Amazon is making that play at a time when radio has disappeared from many homes. In “Capturing the Millennial Ear,” seven female country fans were the subject of a live focus group. Only one has a clock radio in her bedroom, and only two of the seven have a radio of any kind in their house. Radio annoyed them due to too much repetition, personalities who are too talkative (“Isn’t that what podcasts are for?” asked one participant) and the dearth of country from previous decades, which one respondent perceived as “genuine” and “less edited.”
Adding salt to the wounds, Amazon’s foray into the home not only erodes a place where country radio was once a significant presence, it actually turns country radio’s successful strategies against itself.
“What’s playing on the radio influences what we play back to consumers,” conceded Redington.
Radio is still king in the automobile, but the medium is being squeezed out there, too. The millennials cited terrestrial broadcasts among their in-car listening habits — but even there, radio competes with their own music and streaming services. Radio’s status on the road could be drastically changed by another technological newcomer: the driverless car, which was the subject of its own panel.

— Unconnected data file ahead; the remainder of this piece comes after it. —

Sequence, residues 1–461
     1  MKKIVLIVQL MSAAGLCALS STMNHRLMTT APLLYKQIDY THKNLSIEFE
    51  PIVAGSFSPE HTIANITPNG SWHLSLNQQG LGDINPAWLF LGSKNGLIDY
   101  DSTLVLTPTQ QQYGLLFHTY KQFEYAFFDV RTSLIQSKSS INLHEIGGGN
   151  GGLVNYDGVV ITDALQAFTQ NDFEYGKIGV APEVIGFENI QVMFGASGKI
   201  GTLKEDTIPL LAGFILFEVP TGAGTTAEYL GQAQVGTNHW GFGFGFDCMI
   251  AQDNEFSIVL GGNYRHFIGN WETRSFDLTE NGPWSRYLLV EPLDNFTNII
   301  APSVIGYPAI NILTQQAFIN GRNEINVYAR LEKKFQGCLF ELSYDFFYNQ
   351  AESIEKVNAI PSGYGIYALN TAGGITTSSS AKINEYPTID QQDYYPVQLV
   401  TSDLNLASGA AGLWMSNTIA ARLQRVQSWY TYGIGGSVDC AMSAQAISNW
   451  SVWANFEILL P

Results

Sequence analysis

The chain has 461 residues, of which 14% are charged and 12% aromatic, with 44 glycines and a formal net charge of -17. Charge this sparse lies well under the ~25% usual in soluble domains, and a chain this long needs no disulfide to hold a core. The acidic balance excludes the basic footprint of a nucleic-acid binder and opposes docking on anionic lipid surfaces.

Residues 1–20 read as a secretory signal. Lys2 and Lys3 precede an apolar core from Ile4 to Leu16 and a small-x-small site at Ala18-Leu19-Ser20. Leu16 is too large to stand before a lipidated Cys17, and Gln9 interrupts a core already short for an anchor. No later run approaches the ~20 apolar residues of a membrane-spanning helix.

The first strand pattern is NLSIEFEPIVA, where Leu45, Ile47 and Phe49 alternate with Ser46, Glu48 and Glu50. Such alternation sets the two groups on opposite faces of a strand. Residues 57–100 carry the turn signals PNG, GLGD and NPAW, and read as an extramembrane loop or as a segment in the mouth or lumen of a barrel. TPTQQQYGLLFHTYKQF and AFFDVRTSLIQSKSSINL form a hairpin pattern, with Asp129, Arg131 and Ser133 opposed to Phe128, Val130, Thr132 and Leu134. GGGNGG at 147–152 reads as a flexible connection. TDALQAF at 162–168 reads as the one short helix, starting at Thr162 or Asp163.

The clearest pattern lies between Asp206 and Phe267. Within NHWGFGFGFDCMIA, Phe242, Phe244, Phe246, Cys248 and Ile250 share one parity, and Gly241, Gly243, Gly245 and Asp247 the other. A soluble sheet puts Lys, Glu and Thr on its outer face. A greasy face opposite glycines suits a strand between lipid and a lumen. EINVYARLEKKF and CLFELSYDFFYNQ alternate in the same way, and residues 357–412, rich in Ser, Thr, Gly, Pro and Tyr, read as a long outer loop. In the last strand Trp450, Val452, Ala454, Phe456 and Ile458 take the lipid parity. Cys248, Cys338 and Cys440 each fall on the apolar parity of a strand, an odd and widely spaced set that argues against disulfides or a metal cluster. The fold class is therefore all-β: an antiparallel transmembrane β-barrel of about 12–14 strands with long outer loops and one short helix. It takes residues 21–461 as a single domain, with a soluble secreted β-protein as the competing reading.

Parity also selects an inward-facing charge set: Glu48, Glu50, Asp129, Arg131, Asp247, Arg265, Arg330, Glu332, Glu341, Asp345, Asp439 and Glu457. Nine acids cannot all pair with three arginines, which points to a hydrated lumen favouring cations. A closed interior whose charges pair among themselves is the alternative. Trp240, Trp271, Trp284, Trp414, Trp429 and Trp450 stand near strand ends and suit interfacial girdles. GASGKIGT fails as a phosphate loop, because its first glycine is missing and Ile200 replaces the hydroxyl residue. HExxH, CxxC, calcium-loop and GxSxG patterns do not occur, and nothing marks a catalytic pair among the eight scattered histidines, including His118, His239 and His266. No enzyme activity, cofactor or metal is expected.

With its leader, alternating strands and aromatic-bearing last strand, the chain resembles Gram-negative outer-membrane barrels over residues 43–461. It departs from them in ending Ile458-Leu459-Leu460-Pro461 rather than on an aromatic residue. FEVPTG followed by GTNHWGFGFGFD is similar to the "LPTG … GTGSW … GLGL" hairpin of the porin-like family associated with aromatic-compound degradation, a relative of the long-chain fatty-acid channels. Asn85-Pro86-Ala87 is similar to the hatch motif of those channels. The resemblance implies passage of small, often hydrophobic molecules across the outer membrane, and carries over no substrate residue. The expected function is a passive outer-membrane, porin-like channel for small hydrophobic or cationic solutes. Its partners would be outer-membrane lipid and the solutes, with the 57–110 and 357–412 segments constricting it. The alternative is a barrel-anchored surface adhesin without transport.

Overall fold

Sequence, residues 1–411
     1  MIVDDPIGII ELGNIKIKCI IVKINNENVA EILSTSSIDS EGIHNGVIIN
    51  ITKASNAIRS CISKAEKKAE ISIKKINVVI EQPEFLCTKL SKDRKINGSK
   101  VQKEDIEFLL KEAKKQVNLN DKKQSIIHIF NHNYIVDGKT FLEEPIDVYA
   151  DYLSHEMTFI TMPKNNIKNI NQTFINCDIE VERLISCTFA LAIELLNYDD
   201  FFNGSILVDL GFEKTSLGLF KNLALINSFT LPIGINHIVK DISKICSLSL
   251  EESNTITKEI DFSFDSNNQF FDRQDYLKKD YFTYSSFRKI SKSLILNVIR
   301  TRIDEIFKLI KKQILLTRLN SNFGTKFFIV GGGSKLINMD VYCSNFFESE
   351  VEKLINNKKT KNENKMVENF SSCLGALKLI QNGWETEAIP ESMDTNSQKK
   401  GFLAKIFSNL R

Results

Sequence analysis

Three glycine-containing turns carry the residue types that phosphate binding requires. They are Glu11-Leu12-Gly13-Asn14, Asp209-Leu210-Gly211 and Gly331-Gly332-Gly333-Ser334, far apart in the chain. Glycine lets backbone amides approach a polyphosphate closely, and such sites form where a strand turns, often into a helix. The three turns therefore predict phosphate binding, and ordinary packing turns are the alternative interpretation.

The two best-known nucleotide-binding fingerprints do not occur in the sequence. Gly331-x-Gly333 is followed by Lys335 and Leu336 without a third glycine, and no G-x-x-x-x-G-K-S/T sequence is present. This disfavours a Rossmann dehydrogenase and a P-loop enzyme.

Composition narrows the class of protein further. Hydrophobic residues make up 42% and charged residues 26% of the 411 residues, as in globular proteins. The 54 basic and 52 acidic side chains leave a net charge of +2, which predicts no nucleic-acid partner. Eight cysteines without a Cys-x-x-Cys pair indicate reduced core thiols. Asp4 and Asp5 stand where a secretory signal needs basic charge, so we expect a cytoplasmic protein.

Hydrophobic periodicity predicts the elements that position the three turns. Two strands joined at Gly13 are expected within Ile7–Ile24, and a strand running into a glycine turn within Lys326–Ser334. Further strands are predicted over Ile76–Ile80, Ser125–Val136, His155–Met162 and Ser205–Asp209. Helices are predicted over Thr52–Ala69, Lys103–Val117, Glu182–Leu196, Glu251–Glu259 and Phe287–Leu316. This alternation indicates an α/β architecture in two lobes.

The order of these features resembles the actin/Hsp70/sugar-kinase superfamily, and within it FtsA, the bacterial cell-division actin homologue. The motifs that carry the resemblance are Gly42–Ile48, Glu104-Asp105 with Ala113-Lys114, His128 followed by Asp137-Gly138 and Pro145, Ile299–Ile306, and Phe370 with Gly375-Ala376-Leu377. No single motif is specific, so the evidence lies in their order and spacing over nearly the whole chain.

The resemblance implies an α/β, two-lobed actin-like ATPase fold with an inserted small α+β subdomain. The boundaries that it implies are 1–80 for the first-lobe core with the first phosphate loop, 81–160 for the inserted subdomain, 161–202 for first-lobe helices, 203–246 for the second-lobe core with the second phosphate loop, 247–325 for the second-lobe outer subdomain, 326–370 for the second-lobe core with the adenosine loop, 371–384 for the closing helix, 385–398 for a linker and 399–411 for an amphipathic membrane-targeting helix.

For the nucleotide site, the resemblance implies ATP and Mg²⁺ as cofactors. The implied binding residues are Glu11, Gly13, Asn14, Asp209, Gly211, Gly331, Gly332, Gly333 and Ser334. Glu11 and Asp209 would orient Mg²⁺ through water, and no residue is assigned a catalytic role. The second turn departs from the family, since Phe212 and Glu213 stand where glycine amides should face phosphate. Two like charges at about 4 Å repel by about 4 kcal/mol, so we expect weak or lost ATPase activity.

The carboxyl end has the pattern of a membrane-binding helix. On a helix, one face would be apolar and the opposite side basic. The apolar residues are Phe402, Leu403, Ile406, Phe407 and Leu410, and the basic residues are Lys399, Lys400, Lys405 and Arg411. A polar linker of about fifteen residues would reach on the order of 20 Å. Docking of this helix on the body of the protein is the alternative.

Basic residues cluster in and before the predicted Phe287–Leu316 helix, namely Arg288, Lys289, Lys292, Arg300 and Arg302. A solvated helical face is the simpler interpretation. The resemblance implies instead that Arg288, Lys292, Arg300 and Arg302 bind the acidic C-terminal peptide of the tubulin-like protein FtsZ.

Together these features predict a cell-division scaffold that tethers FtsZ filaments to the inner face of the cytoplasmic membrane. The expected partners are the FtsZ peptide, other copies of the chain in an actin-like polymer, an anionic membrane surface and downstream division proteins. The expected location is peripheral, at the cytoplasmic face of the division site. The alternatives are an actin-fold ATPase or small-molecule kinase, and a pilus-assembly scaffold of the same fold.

Volvo is introducing its first auto-drive vehicles in Europe within weeks, while Nissan goes to market in 2020 and Ford in 2021. Within eight years, half of all cars are expected to have hands-free capabilities, according to an auto-tech professional, Pratt & Miller Engineering director of automotive business development Chris Andrews.
A demonstration video that outlined the features and the ways the driver shifts between auto-drive and human-drive modes frequently showed the occupant doing paperwork behind the wheel.
“I hope I’m not doing more work in my car,” quipped Sun Broadcast Group CEO Jason Bailey.
But the development already hints at changes in commuters’ behaviors. Bailey suggested consumers will be interested in radio that has more interactive capabilities, presumably using digital means for the listener to respond to the station. But since drivers will no longer be required to watch the road during their entire trip, it opens up the car to platforms that require greater engagement, including TV and — on long trips — movies.